Jonathan Ell

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Investigations were made of 16 patients with acquired pendular nystagmus and a further 32 cases reported in the literature were reviewed. Amongst our own patients two thirds had multiple sclerosis, almost one third a cerebrovascular accident or angioma and two had optic atrophy with squint. The nystagmus took forms which could be monocular or binocular,(More)
OBJECTIVES To describe the clinical and neuroradiological features of basilar impression in patients with osteogenesis imperfecta type IV. METHODS Four patients with basilar impression were ascertained in a population study of osteogenesis imperfecta. All four had detailed clinical and neuroradiological examination with both CT and MRI of the(More)
A patient with downbeat nystagmus and familial ataxia is described. The nystagmus was induced by static tilt away from normal upright posture, by linear acceleration of the head, and by convergence. It is inferred that the nystagmus was modulated by otolith-specific stimuli and not by stimulation of the canals. These findings demonstrate the role of otolith(More)
Ten patients with an accepted diagnosis of Friedreich's ataxia have been examined neuro-otologically, and oculomotor, vestibular and auditory function assessed. Brainstem auditory evoked potentials (BAEPs) were also recorded. A high incidence of various eye movement disorders was noted. Some of these were indicative of cerebellar dysfunction. Reduced(More)
Sirs: Anti-Ri antibodies were first identified in a patient with paraneoplastic opsoclonus arising as a complication of breast cancer. The terms most frequently used to describe the syndrome associated with anti-Ri antibodies are paraneoplastic opsoclonus-myoclonus ataxia (POMA) and opsoclonusmyoclonus syndrome (OMS) [11]. However, this report emphasizes(More)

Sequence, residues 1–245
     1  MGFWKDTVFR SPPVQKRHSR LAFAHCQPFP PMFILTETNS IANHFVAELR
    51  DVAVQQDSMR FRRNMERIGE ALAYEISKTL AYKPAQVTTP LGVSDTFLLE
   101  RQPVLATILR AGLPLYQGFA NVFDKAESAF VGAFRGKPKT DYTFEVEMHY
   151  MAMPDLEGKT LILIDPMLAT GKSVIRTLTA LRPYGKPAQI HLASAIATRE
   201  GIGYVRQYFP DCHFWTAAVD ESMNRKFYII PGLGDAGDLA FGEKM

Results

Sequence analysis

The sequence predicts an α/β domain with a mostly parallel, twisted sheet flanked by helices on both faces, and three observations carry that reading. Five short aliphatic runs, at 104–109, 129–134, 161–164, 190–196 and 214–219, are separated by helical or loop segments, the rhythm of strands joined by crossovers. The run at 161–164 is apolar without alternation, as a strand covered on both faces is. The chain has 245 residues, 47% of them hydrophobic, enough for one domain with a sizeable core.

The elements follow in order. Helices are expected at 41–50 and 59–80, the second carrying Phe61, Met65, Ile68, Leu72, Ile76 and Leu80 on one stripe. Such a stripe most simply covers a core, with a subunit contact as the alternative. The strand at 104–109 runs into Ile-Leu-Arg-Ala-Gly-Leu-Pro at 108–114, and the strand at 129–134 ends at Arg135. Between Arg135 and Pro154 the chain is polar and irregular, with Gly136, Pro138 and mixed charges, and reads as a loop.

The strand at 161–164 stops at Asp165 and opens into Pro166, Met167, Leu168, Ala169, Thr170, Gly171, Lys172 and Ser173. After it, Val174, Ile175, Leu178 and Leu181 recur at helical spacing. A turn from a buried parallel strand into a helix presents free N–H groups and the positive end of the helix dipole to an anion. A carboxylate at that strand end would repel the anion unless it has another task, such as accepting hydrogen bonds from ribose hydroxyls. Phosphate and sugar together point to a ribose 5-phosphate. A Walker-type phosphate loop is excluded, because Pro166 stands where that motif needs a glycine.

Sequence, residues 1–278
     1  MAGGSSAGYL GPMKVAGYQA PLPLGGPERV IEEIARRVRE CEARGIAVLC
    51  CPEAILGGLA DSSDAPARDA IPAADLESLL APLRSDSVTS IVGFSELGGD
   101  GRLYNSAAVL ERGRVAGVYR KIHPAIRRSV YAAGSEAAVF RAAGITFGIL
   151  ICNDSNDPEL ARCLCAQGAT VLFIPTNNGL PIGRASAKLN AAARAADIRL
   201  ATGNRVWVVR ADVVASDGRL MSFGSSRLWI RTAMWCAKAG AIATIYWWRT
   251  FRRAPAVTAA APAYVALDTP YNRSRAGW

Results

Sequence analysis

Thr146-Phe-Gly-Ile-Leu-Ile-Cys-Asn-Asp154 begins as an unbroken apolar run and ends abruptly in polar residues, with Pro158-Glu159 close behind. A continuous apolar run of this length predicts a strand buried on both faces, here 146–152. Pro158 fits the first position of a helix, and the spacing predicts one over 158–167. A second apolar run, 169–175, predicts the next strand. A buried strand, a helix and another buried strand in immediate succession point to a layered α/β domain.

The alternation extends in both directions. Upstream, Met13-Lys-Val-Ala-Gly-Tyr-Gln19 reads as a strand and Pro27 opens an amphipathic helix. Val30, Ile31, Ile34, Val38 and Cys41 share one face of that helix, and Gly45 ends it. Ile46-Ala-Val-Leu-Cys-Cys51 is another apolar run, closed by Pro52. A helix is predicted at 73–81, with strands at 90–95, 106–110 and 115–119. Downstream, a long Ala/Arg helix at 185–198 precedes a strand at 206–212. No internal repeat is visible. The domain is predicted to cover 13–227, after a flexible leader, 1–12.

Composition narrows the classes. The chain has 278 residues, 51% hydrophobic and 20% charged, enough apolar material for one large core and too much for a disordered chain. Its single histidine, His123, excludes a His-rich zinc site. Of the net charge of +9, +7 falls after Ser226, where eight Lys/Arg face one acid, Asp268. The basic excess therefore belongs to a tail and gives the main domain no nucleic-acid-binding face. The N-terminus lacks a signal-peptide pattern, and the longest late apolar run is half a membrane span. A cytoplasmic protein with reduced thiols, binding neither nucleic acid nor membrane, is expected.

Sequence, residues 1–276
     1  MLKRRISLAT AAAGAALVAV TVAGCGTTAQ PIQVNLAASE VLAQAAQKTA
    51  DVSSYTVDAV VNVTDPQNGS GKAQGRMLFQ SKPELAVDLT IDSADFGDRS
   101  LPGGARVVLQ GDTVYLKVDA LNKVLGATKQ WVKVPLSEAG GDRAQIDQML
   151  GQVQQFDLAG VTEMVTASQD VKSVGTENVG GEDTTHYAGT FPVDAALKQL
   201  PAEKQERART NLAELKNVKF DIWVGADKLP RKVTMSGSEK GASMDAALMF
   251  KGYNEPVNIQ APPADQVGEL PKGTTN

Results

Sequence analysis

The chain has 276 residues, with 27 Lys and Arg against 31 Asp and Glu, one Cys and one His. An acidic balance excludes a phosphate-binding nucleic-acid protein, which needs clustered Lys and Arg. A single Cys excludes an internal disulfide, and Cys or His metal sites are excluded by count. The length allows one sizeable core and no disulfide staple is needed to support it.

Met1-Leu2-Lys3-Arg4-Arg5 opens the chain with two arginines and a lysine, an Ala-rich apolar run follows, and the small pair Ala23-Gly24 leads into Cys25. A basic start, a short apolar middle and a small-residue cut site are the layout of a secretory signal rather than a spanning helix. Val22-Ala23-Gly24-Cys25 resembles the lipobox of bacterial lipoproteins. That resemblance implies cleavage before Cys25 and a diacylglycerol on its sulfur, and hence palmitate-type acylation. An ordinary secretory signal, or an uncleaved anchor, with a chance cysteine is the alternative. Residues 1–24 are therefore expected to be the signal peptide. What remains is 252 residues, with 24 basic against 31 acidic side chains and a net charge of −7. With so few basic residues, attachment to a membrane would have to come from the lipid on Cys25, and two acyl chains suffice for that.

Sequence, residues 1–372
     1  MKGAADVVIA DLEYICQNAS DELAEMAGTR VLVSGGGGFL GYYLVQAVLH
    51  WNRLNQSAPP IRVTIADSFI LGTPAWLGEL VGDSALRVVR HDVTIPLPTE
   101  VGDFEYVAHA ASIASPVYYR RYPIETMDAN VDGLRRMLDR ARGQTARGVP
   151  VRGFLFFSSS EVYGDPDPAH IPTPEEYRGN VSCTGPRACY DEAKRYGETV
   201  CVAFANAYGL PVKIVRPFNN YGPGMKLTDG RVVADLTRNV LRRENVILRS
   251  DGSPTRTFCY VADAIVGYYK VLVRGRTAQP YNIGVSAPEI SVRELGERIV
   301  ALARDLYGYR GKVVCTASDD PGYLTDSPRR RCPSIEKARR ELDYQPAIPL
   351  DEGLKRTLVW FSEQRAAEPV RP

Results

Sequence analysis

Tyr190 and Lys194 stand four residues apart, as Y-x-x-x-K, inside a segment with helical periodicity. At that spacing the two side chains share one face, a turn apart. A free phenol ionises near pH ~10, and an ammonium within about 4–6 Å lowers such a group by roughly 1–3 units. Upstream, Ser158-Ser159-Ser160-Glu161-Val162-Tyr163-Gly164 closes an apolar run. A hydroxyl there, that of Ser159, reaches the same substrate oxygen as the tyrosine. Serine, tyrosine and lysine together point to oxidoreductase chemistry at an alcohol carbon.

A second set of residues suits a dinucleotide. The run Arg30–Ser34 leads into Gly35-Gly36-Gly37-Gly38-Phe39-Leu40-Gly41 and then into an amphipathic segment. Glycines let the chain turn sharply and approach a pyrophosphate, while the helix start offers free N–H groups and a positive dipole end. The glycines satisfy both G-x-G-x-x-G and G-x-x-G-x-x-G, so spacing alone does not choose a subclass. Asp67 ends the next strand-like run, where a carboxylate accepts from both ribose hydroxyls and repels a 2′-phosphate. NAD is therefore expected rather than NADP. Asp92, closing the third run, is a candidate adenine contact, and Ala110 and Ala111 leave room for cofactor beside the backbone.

A 16-year-old girl presented with a unilateral third nerve palsy and predominant gray matter involvement on MR and positron emission tomography with fludeoxyglucose F 18. These findings were manifestations of gliomatosis cerebri. The antemortem diagnosis was made by partial temporal lobectomy.
We described a profoundly intellectually disabled 24-year-old man with Wolf-Hirschhorn syndrome, left hemiplegia, epilepsy, atrophy of the right cerebral hemisphere, and dilatation of the right ventricle. The patient had a small ventricular septal defect, was wheelchair bound, and totally dependent. He had no speech, but vocalised to show his feelings. In(More)
A case of bilateral toxic optic neuropathy that developed in the setting of prolonged oral ciprofloxacin use for the treatment of chronic osteomyelitis is described. The patient experienced progressive, bilateral and symmetrical visual loss, central scotomas and loss of colour vision over a 2-month period. The visual symptoms improved immediately upon(More)
The vestibulo-ocular reflex and its suppression by fixation of a target rotating with the subject were tested in 18 subjects with congenital nystagmus using steps of constant velocity rotation and sinusoidal stimuli swept in frequency between 0.01 and 1.0 Hz. Responses to stopping stimuli were abnormal in waveform and of short duration in most subjects(More)
Lymphomatoid granulomatosis is an uncommon clinical problem and even more rarely presents to the ophthalmologist. A case is described in which a 60-year-old Fijian woman presented with sudden, sequential, complete visual loss in association with signs of scleritis. Direct eyewall biopsy and nasal mucosal biopsy confirmed the diagnosis of lymphomatoid(More)